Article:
His kiss had set free all the pent up desires of the past few weeks. Her insides ached and fluttered.
    He looked down at her, a lock of unruly tawny hair falling over his brow, a wicked smile curving his sensually carved mouth. “I just had to see if you tasted as good as you looked.” His smile broadened. “You do. Lucky me.”

Not that the path to true love is ever that smooth as he is about to find out.

Well that's all from me, until next time happy rambles.

Will I ever finish?

I have had this project ongoing for some time now. Years in fact. And I am beginning to wonder if I will ever finish.  I never have that problem with finishing my stories, but this, well it would be a great shame not to finish it now and have it framed, don't you think? (And I have a few more that I would like to tackle too.)

Seeing the NaNoWriMo excitement, I thought I would try to give myself a bit of encouragement.  I am going to post my progress from time to time. Once a month.  Here is a picture of where I am at the moment.

The thing is, it is dreadfully fiddly counted cross stitch and its hard to see if you are making any progress at all.  This is only the top one third of the whole piece.

All of the cross stitch is done, now we are embellishing.

Next, I have to finish the outside border, there is some outlining to be done around the very edge and then that criss cross stuff you can see that stops before it reaches the top, and then there are beads to add. Anyway, by this time next month, I hope to have the outside border completely finished and then I can start on outlining the greenery and finishing off the peacock inside the large picture panel.

It will be interesting to see if this helps motivate me to get this done.  One year. That is what I am aiming for.

More about the Regency next time.

Daphne Du Maurier

You may recall that my first book with Harlequin, The Rake's Inherited Courtesan,  won the 2010 Daphne, or as the full title explains, the Daphne Du Maurier Award for Excellence in Mystery/Suspense, Historical Category (Awarded by RWA's Kiss of Death Chapter.)  

Daphne Du Maurier, pictured left as a teen,  wrote suspense novels. Several of her novels have been made into films, including The Birds and Rebecca. The story that interested me most was Jamaica Inn.

  Jamaica Inn,  was almost set in the Regency, 1820 in fact, and it is a romance.  The story is classified as  a gothic romance and tells the tale of a young woman who gets tangled up with a gang of wreckers. (Men who used lanterns to misdirect ships on to the rocks of the Cornish coast, kill the crew and steal the cargo.) The heroine encounters many harrowing adventures.

Jamaica Inn, where she set her story  exists today, and is still a pub, but is also a museum to both the author and the smuggling history of Cornwall.

Last summer we visited Cornwall, and naturally Jamaica Inn was a must see.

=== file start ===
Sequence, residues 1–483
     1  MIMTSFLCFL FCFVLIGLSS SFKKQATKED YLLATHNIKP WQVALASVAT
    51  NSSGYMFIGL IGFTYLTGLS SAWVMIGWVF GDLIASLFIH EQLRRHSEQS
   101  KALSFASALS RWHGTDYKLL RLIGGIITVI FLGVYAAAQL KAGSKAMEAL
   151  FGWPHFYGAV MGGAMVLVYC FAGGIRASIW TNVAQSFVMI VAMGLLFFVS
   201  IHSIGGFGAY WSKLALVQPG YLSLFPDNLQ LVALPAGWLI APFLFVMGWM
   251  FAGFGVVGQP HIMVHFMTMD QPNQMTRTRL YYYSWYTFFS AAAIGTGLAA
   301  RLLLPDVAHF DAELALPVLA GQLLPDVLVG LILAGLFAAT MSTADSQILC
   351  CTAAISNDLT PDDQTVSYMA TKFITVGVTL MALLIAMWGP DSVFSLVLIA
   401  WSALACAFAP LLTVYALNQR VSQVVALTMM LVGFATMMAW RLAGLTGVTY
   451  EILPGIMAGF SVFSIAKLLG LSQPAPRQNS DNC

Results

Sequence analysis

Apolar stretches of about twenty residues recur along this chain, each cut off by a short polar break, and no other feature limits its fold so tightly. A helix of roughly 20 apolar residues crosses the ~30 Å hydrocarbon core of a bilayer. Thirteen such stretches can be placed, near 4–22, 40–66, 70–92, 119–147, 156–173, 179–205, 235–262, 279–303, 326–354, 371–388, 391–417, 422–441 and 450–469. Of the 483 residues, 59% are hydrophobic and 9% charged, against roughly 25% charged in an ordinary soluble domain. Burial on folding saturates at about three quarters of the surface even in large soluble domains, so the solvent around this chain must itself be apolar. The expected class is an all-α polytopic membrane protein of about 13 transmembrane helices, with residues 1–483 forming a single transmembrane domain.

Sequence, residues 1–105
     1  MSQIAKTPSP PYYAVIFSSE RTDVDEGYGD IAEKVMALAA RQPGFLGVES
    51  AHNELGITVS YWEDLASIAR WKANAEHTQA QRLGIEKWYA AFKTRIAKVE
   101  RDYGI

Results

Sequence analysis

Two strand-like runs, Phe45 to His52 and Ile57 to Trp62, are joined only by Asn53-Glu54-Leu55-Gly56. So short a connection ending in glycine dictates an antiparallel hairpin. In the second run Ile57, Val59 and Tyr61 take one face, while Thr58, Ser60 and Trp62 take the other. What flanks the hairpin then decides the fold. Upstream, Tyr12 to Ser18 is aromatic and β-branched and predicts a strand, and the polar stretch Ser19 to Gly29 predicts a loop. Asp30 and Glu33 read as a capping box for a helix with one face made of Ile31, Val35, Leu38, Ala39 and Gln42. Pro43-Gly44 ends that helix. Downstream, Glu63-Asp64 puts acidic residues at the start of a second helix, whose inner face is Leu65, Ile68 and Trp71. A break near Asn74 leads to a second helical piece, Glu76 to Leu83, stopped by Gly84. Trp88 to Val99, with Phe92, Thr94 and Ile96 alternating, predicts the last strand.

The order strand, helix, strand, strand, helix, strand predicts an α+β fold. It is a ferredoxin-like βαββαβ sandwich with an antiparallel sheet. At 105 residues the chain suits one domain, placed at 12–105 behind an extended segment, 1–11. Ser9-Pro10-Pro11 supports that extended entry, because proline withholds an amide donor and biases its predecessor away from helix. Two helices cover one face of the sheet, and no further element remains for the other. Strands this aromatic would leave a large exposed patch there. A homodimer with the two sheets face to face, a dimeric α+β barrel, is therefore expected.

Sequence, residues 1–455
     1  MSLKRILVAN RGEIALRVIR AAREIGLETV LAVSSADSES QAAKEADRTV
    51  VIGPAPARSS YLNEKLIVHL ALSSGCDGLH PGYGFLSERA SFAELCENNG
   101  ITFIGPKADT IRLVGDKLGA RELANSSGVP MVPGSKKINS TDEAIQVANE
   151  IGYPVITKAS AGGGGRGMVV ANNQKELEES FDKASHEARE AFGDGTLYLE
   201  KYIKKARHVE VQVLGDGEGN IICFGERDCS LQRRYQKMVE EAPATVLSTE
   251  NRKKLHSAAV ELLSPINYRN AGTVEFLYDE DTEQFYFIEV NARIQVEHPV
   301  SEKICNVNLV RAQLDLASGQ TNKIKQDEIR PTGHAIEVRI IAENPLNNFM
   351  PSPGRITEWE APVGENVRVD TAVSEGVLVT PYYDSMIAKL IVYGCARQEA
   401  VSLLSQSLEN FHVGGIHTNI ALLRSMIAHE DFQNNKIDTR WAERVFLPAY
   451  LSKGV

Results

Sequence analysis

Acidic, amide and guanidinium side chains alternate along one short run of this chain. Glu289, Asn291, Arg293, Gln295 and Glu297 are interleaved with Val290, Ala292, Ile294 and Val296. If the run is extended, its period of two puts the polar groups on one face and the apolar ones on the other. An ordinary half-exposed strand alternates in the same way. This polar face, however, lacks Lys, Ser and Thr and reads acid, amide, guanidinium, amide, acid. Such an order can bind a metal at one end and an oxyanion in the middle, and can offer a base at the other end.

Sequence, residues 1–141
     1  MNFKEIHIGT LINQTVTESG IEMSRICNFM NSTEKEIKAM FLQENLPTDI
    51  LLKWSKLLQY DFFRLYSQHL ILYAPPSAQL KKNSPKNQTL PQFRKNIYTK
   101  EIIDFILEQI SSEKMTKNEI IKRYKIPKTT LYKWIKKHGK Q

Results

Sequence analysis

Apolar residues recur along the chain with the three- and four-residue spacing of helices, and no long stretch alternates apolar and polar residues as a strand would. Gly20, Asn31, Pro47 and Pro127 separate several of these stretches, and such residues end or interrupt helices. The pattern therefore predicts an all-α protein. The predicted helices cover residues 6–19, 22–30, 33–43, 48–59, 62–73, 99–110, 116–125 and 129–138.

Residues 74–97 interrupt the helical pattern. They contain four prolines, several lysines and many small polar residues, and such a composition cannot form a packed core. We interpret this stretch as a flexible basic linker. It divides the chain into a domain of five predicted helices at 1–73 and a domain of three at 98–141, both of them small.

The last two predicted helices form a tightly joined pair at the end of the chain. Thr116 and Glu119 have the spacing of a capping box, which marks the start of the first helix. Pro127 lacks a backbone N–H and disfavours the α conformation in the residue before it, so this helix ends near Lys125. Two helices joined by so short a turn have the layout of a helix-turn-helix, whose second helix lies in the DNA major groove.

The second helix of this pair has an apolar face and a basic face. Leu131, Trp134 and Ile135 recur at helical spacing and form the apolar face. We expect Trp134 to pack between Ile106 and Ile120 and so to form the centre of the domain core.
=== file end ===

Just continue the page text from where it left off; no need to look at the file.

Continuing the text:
As you can imagine, while I was interested in the author and her life, I was more taken with the artifacts and information relating to smuggling which I am going to share with you. here.

The picture on the left known as landing the goods and there is little more to be said.  On the right are tools and weapons used on both sides of the law. For example the pig sticking knife and the wooden farm flail were used by smugglers, since they were not army or navy weapons a man could carry them with impunity.  The swords and cutlasses were carried by excisemen or naval officers. 

Here is an assortment of lanterns, handy for smugglers to carry or signal with.

Down in the right hand corner is something really interesting. It is called a scuffling iron.  Now this is the technical term for what the last man of the train of smugglers used to hide their tracks.  It was a reverse horse shoe, and with one hand he would sweep away the track of the horsed with a tree branch and with the other would stamp the scuffling iron (which was attached to something like a broom handle) into the ground, thereby confusing anyone trying to follow.

Not exactly high tech, and not likely to fool too many people either I think, but who knows?

The Jamaica Inn is on Bodmin Moor, not that close to the sea, so it would have been used as a place to hide contraband, I would think.  And a very lonely place it is too, even today, as you can see from the pictures I took from the parking lot.

There will be more on smuggling another time, but for now, Happy Rambles.

The Bankes's of Kingston Lacy (Continued)

Holiday Contest Reminder

Just a reminder to check back for details, either here or on my website on November 29 when the annual Harlequin Historical Contest begins. There are all kinds of prizes from each author every day, plus a grand prize of a Kindle Fire (where available) and an equivalent where it is not.